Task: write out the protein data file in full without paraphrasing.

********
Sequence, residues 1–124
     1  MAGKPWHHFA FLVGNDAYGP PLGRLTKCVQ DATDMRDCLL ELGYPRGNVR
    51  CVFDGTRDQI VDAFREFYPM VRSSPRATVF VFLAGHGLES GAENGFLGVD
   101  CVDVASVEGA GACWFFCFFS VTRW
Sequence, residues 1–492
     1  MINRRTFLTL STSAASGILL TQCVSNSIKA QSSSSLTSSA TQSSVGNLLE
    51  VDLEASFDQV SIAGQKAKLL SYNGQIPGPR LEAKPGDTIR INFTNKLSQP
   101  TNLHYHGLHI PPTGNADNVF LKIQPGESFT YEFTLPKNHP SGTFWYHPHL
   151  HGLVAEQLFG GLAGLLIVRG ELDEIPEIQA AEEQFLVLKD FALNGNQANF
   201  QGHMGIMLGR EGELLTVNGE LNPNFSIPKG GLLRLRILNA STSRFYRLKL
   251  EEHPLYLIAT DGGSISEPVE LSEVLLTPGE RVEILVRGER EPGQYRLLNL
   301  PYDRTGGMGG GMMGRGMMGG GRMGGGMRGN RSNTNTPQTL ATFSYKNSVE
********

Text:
Sequence, residues 1–124
     1  MAGKPWHHFA FLVGNDAYGP PLGRLTKCVQ DATDMRDCLL ELGYPRGNVR
    51  CVFDGTRDQI VDAFREFYPM VRSSPRATVF VFLAGHGLES GAENGFLGVD
   101  CVDVASVEGA GACWFFCFFS VTRW
Sequence, residues 1–492
     1  MINRRTFLTL STSAASGILL TQCVSNSIKA QSSSSLTSSA TQSSVGNLLE
    51  VDLEASFDQV SIAGQKAKLL SYNGQIPGPR LEAKPGDTIR INFTNKLSQP
   101  TNLHYHGLHI PPTGNADNVF LKIQPGESFT YEFTLPKNHP SGTFWYHPHL
   151  HGLVAEQLFG GLAGLLIVRG ELDEIPEIQA AEEQFLVLKD FALNGNQANF
   201  QGHMGIMLGR EGELLTVNGE LNPNFSIPKG GLLRLRILNA STSRFYRLKL
   251  EEHPLYLIAT DGGSISEPVE LSEVLLTPGE RVEILVRGER EPGQYRLLNL
   301  PYDRTGGMGG GMMGRGMMGG GRMGGGMRGN RSNTNTPQTL ATFSYKNSVE